Mesh & Our Changing Lives

There isn’t a single woman who is dealing with mesh complications who doesn’t look at her changing life every day. We all do. Whether your complications are small or huge, whether you are in your twenties or eighties, your life has changed and you have to deal with those changes.

Some women will be able to go back to work after full mesh removal. Life will be a struggle for a long time but they may improve with healing time and changing their habits. However, no one can go back to life the way it was before mesh was put into our bodies and we all live with fear of what will happen in the future. However, to live life again, we shove those thoughts aside so that we can deal with all aspics of our daily lives. Some women like me will struggle with every day things they used to take for granted as easy. Cleaning the house is difficult. Taking a vacation takes money and planning because of the new struggles of your life. For some it is the realization that picking up their child or grand baby causes them severe pain. But they want so much to do it and feel their squirming child in their arms. But life changes after mesh.

I am often asked to update about myself and I rarely do as I think of my life as a constant change that no one can deal with but me. There are so many things that I can’t do any more and I have had to adjust. But I don’t want my life to be doom and gloom so I take from it the good things and set aside the bad. To think about all I can’t do makes me sad and that doesn’t help me live the way I should. I choose to be happy.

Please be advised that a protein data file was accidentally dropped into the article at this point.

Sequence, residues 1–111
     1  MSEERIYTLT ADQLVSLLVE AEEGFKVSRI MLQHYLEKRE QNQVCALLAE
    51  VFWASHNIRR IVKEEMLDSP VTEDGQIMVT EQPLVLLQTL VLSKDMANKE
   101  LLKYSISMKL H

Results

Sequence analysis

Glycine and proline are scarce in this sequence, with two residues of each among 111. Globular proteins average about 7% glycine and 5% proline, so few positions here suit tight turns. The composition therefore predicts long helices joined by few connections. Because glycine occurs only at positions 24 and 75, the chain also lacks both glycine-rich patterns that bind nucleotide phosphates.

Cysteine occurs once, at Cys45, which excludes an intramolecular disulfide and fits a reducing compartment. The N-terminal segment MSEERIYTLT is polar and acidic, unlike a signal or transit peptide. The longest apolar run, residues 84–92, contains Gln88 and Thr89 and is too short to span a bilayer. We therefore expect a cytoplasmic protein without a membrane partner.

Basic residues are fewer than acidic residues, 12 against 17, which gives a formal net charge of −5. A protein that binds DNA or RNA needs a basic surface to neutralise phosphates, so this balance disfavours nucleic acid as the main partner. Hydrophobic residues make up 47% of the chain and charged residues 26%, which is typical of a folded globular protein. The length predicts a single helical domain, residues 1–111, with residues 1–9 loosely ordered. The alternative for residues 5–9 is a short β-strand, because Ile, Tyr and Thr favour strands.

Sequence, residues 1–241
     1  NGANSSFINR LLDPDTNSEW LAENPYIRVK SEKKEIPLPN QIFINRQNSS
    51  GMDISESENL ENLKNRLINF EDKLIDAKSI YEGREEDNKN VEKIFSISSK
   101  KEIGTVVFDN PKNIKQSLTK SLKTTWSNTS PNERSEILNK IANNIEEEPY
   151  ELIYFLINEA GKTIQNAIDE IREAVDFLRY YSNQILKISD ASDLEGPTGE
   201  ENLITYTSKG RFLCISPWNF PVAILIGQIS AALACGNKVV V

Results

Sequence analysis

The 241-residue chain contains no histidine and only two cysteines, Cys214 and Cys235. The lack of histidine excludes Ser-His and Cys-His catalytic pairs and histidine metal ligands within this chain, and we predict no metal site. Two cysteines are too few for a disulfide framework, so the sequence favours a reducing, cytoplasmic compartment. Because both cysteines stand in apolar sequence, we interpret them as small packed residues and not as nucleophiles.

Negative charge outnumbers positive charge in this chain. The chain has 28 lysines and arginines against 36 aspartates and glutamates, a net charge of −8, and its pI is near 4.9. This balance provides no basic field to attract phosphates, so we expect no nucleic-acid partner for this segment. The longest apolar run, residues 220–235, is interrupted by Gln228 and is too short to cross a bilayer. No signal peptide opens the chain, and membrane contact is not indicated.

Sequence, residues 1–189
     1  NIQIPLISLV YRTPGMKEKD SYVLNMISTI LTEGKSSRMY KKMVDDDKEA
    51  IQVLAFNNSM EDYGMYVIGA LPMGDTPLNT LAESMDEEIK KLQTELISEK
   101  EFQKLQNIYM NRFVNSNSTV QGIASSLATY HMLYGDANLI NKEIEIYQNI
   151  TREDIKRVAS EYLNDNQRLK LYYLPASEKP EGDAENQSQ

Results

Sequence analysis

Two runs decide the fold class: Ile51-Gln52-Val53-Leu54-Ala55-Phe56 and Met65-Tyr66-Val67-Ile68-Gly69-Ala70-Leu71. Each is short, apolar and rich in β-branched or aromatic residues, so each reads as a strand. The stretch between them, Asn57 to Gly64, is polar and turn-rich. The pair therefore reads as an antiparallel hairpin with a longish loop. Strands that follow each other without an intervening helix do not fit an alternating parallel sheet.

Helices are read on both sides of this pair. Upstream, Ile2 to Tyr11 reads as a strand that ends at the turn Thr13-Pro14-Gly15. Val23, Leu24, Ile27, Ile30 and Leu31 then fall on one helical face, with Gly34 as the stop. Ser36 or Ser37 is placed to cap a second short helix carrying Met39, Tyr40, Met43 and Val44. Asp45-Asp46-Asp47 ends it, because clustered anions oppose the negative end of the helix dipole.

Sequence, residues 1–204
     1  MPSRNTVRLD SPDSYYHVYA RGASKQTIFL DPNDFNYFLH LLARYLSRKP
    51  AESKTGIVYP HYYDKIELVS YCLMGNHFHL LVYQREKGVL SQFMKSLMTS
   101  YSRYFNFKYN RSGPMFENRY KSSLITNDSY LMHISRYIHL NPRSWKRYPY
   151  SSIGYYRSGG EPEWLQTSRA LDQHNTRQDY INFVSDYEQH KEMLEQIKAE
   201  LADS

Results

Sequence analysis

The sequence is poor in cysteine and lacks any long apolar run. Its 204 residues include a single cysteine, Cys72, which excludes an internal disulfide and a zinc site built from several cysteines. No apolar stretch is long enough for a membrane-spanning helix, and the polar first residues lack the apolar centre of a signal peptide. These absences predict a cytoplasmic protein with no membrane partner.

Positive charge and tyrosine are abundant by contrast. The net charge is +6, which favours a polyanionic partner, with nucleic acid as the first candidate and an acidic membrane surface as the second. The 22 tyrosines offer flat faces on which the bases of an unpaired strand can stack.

With my changing life came a lawsuit for the first time ever. I have never stood in courtrooms because I did something wrong. I never even had a parking ticket my entire life. Maybe that is not normal but that is who I have been and will continue to be. I stand for truth. I stand for justice and yet I see so many bad things when it comes to these lawsuits.

I have taken a very proactive approach to my own case even though I lived in pain and have hated having to deal with it. I remember when I filled all that paperwork out just before my mesh removal. I struggled with the depression of doing it but I did it anyway. I spread out piles of receipts from paying cash for the mess I had got myself into. Yes I looked at it as that even though I know it was not my fault. While sorting through those receipts I wanted to sit down and cry non-stop and at times I did. It took me two weeks to get it together, but in the end I did it as an accountant would do it. I have had a business in the past and I did all my own accounting. Years ago I went to H& R Block Income Tax School to understand the U.S. tax laws and how to do things. I worked for H & R block so that I could learn more and understand it so that I could live my own life without fear or reliance on others to do things or make decisions for me. And that is how I have approached my lawsuit. I must be in charge of it to be in charge of my own destiny.

Mesh is as mentally debilitating as it is physically. But we can’t sink into despair and give up. We can’t shift our minds away from the legal side of what we are going through no more than we can shift our minds away from paying our bills or other ordinary things we have to take charge of in our daily lives. We can’t sit back and say, I’ve hired a lawyer for that. We must make sure our lawyers got all our medical records and did everything they needed to try to plan for our future. We must be part of our lawsuit the way we are part of daily life if we don’t want to come out of this in a bigger mess.